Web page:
I want to start this piece out by saying that I am not normally the type to run around with the figurative torch and pitchfork out for a coach’s head. I am naturally a very patient person and generally an eternally optimistic sports fan. However, I am concerned. I am very concerned. With that concern, my optimism has devolved into pessimism and my patience has decayed into a state of restlessness.
I am in no way saying that all of the blame should fall on Eusebio Di Francesco’s shoulders. That I feel would be blind ignorance. There are many conductors in the train wreck that has been Roma’s opening to the season. Di Francesco may have been the one driving the locomotive when the crash occurred, but others were also part of the engineering that allowed this disaster to become possible.
Certainly, Monchi has to shoulder a large part of the blame, having sent away world class goalkeeper Alisson for a treasure chest of riches. In addition, fan favorite midfielders, Radja Nainggolan and Kevin Strootman, were unceremoniously shown the door, despite their desire to stay in the Italian capital. Their leadership, grinta, and love for the crest has been glaringly deficient during the first month of the season.
Meanwhile, Roma president, James Pallotta, also can’t be let off the hook. Remember, he is the one who controls the purse strings and ultimately makes the final economic decisions. After having finally escaped the radar of FIFA’s Financial Fair Play watchdog, Roma look to be worse off from an on the field perspective than during the days when players were sold out of fiscal necessity rather than choice of profit. Remember, when Pallotta famously said that there was no way that Alisson would be sold? That’s just one of many situations where Pallotta has eaten crow.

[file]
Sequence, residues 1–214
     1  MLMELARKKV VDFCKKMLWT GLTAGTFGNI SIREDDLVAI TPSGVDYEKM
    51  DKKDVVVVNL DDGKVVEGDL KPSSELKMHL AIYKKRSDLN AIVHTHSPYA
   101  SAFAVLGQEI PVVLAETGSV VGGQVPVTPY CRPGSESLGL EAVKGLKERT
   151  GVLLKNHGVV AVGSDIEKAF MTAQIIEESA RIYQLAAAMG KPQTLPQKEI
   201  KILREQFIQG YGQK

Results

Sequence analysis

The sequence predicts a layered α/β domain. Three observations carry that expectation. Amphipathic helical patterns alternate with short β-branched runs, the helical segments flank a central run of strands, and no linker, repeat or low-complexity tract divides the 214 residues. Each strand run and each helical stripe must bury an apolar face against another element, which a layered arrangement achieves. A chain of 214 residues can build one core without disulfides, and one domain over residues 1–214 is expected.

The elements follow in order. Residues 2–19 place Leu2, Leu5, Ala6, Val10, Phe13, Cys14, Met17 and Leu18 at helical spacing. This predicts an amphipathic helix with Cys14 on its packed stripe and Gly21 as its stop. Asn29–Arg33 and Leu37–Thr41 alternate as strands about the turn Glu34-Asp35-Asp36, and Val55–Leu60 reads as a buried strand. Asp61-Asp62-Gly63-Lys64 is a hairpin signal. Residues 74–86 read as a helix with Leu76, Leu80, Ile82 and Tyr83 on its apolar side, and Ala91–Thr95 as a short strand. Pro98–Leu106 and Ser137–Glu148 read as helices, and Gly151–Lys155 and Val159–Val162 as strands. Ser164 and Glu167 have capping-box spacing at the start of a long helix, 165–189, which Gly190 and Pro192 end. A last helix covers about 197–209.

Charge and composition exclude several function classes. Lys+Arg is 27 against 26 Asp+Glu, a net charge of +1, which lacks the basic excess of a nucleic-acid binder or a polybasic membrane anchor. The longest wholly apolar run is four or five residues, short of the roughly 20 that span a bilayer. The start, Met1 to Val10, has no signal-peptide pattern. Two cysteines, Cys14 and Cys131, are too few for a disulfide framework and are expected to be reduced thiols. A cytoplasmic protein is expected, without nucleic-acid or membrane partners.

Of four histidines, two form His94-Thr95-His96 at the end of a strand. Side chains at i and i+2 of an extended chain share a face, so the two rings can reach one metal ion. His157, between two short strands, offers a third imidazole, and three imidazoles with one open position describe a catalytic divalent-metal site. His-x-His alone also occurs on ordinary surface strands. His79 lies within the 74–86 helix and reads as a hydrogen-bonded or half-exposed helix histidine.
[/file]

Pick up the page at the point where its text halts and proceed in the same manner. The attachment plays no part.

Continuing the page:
The players don’t escape without blame either. No matter who is giving the commands and laying out the strategy, whether it be perfect or flawed, the players are the ones performing on the field. Early on in this season many of the players, both holdovers to last year and newcomers alike, look out of sorts. Even if EdF’s tactics are flawed, Roma should have enough talent to beat the likes of Bologna and Chievo.
However, in this era of mercenaries, many in this team have lacked the passion and fight to get the job done, even against the weakest sides of Serie A. Roma have missed Strootman and Radja for this reason alone. Those two always displayed hustle and heart, even in the more dire of circumstances. They were about as close to being roman as foreigners could be. They loved the colors and fought to the death for them.
In this early season swoon, in my opinion, only De Rossi and Florenzi have fought every last minute to pull this team from the doldrums. Unsurprisingly, they are romanisti to the core. They have shown the type of fight and leadership that should inspire a team. However, unfortunately, that hasn’t been the case.